Healthcare workers at Dr George Mukhari Academic Hospital, north of Pretoria, are now among the thousands of frontline workers vaccinated against Covid-19.
Nearly 18,000 healthcare workers across Gauteng have received the Johnson and Johnson vaccine since the vaccination drive kicked off on 17 February.
The Deputy Minister of Health, Dr Joe Phaahla, who also received the jab at George Mukhari Hospital. As he shared his experience, Phaahla encouraged reluctant healthcare workers and South Africans to get vaccinated.
“I must admit that I was very anxious….when you study a particular condition, including side-effects, they will tell you that it happens to one in a thousand, or one in a million but you don’t know whether you are one of the million,” said Phaahla.
Front-line workers prioritised
This vaccination site, attached to the Sefako Makgotho Health Sciences University, is the fourth site that the province has set up since the launch of the Sisonke Ensemble study. The study tests for the effectiveness of the Johnson amd Johnson vaccine, against the Covid-19 501Y.V2 variant, while protecting health care workers specifically.
After receiving the shot, Phaahla was taken to an observation area where he was further monitored for any reactions that he might have had towards the vaccine.
“I can assure you that it has been very pleasant and I am not expecting anything to change. But that doesn’t mean that we want to mislead people to say that everybody will react the same way, we all react differently, but we know that the vaccine is safe, it has been tested,” he said.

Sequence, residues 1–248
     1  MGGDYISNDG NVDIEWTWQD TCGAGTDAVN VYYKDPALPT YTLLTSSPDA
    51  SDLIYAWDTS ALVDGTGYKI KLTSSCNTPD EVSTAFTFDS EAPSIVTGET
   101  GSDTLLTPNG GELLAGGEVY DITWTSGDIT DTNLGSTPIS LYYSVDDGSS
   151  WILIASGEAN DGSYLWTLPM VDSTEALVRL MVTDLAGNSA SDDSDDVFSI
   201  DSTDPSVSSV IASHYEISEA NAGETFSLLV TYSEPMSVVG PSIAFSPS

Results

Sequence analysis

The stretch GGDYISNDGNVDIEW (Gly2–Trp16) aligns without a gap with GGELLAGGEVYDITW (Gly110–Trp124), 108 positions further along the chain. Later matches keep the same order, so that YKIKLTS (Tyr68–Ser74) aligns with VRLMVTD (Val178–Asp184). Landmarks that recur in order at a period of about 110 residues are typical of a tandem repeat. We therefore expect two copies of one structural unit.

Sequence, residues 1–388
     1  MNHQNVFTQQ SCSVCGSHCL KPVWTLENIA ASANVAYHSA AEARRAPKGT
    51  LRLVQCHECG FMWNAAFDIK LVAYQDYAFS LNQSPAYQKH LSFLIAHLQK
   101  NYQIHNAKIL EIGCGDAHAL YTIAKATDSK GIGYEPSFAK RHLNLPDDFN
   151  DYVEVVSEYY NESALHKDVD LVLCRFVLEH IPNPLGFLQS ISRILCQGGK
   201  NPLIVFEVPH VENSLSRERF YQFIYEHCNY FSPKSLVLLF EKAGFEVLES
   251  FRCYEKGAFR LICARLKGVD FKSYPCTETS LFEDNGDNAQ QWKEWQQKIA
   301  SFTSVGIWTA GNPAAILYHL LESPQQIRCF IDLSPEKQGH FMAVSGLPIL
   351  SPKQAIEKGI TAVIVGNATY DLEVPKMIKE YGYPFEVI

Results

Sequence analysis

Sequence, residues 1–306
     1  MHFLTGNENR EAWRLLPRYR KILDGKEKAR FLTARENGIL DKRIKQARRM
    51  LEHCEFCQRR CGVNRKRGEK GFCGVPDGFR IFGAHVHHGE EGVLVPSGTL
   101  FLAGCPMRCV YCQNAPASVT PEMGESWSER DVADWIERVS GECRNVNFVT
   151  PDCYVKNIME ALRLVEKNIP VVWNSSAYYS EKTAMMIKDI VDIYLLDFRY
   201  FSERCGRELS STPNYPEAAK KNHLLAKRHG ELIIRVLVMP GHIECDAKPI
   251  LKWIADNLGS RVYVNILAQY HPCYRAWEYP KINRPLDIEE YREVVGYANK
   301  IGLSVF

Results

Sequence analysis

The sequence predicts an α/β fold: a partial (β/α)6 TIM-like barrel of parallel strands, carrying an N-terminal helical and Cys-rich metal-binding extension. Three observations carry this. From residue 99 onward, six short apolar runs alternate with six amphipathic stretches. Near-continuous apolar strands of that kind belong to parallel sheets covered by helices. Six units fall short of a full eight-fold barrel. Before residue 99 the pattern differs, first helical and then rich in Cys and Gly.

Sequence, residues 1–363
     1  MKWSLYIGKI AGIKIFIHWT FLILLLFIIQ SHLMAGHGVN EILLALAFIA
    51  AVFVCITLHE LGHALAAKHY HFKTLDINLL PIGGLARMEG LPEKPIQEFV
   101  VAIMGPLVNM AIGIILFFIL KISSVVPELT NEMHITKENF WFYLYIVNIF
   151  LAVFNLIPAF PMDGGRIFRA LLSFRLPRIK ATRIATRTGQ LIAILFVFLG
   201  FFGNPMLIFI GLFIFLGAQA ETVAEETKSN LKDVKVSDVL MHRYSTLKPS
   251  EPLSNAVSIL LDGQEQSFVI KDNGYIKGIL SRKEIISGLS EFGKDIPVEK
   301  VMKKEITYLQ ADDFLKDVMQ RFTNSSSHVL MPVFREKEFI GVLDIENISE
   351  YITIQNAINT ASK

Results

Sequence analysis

George Mukhari Intensive care unit (ICU) nurse, Dimakatso Mokoni, was among the first vaccinated.
“I feel fine but before, there was a bit of pain in my hand but right now I’m fine,” she said of her experience.
As a front-line worker, Mokoni said that she was anxious and excited at the prospect of getting the vaccine.
“It is very difficult because a lot of us are working with patients who have Covid-19 and it’s very hard,” said Mokoni.
Medical students to give the jab
About 50 to 60 healthcare workers are expected to get vaccinated at the site per day. The university, which has a partnership with the hospital, intends to add up to two thousands medical science students to work as vaccinators.
“Because we are a health sciences university, from second year the students are already trained in health sciences, they understand the issues of the virus, the vaccine and they are also trained on how to give injections, and how to manage situations like this,” said Professor Eunice Seekoe, the acting vice-chancellor at the Sefako Makgatho Health Sciences University.
Along with the site at George Mukhari hospital, there are also vaccination sites at the Charlotte Maxeke Johannesburg Academic Hospital, Netcare Milpark Private Hospital and Lenmed Ahmed Kathrada Private Hospital.
The health ministry added these sites to supplement the existing ones at the Chris Hani Baragwanath Academic Hospital and the Steve Biko Academic Hospital.
Officials have allocated 18,040 doses to Gauteng, which will be sent to facilities at both public and private hospitals, for the second round of vaccinations. —Health-e News